The Montana Department of Natural Resources and Conservation is proposing a timber sale in the Stillwater State Forest with the goal of fuels reduction and timber management, while generating timber harvest as its required to do so under state law.
The initial proposal for the timber sale, termed Beaver-to-Boyle, was released last month for the sale near Beaver Lake extending north to Boyle Lake. The proposed project area is about five miles west of Whitefish and is planned to be accessed off Lupfer Road.
DNRC representatives from the Stillwater on Saturday held a field tour of a portion of the project area. The comment period for the initial proposal ends May 10.
“We want to get your input on concerns,” Dave Ring, unit manager for the Stillwater, said to the roughly dozen people who attended the tour. “We want you to tell us what you think about past treatment areas and the proposed area.”
An environmental assessment of the proposal is also expected to begin this fall to examine a number of issues related to the timber sale including hydrology, soils, wildlife, aesthetics and recreation while developing mitigations for concerns, representatives noted.
The sale is expected to generate 2 million to 5 million board feet of timber on School Trust lands from an estimated 900 acres.
Mike McMahon, forest management supervisor with the Stillwater, says the timber sale area has many areas that will be examined more specifically this summer to determine what sections will receive what types of treatment.
“We’re expecting to harvest 2 to 5 million, but that will depend on where the final units end up,” McMahon said. “Some areas have a lot of volume and some don’t.”
The timber sale is expected to focus on improving growth for western larch and likely harvest primarily lodgepole and Douglas fir, he noted.
About 40 to 60 percent of the existing trees are proposed to be harvested through a commercial thin to reduce density and forest fuels, while improve species diversity by creating openings and growing sites. Improvement harvest, a more selective harvesting technique, is also planned and involves pockets of a variety of techniques including thinning, removal of trees at a high risk for mortality, leaving some areas unharvested, and tree planting, with the goal of reduce fuels, but also increase growth of preferred species. During further refinement of the actual harvest area, McMahon, said DNRC will look at key areas that should be preserved for wildlife habitat and corridors, areas that can’t economically be harvested, areas to leave older trees, how to promote growth through thinning and also fuels reduction. The Beaver Lake area also contains numerous cliff areas, some wet areas and ravines which would not be harvested.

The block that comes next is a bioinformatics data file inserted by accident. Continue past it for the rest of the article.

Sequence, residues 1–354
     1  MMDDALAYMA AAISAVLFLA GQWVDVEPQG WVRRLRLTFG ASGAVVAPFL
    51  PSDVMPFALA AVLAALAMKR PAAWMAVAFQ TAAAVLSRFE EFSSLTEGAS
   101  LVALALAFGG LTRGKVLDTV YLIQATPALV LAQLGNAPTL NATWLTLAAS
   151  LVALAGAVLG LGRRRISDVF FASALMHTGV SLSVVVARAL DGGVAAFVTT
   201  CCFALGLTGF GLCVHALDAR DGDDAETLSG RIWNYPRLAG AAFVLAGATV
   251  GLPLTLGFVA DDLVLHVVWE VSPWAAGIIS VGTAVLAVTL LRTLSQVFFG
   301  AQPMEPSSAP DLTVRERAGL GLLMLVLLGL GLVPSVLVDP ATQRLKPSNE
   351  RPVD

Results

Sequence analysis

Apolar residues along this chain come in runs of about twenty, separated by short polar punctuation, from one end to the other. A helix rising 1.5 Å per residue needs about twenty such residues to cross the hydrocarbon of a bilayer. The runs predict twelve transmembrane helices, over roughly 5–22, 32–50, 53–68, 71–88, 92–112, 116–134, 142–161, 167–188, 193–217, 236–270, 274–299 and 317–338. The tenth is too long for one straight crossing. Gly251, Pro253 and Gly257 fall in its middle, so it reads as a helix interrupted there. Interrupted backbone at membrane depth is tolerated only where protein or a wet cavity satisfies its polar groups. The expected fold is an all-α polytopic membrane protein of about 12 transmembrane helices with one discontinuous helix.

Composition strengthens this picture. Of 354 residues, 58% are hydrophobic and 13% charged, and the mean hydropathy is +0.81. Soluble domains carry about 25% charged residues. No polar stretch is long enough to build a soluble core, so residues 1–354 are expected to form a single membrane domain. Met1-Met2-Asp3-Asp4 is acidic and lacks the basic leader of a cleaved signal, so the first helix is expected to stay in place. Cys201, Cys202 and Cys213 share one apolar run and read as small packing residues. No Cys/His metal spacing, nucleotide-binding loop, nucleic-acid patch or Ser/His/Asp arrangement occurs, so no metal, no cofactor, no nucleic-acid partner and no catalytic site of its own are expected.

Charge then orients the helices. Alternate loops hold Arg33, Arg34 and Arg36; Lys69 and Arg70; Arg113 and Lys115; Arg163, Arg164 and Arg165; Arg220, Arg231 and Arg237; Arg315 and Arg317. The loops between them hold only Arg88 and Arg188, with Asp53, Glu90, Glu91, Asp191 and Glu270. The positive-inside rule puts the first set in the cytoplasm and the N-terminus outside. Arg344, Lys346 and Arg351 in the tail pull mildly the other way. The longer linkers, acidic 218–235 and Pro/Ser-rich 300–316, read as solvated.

The primary objective of the sale, according to DNRC, is to generate timber harvest for DNRC to generate revenue for the School Trusts and Forest Improvement Fund accounts.
McMahon said about 75 percent of the funds from the sale will go to the School Trusts and the other 25 percent goes back to the DNRC for items such as wages and vehicles. The sale will also generate funds for roads maintenance.
A portion of the timber sale includes the Whitefish Trail section that runs from the Beaver Lake trailhead to around Woods Lake, Dollar Lake and Little Beaver Lake are included in the proposed timber project. The city of Whitefish, along with Whitefish Legacy Partners, holds the recreation use easements in the project area.
Ring said the city and Legacy Partners ultimately determine what timber harvest will happen in the trail corridors.
“They have the final say in their corridor,” Ring said. “But we might look at an area that has a tree that could be a hazard and ask if they’d like us to remove it. We’re also going to be looking at feathering the harvest treatment in areas up against the trail corridor to minimize impact.”
Ring said DNRC expects to have conversations with the city and Legacy Partners about the timber sale’s impact to the trail corridor.
“This is the first timber sale we’re doing since the easement and we want to do it right the first time so they know what to expect from us,” he said.
As part of the timber sale project, one existing road is planned to be reconstructed and one new road, at about 850 feet in length, is planned.
Following the comment period, the timber sale plan will be refined this summer and then DNRC will go through an environmental review with the environmental assessment set for release in early 2019 and a final decision in April 2019. The timber sale will likely then go up for bid and logging could begin in the winter of 2019 and work in the area could last through 2024.
The full timber sale proposal is available at http://dnrc.mt.gov/public-interest/public-notices/BeavertoBoyle_web.pdf
Comments on the proposal are due by May 10 to DNRC, Matt Lufholm, Stillwater Unit, P.O. Box 164, Olney, MT, 59927 or firstname.lastname@example.org or 406-881-2371.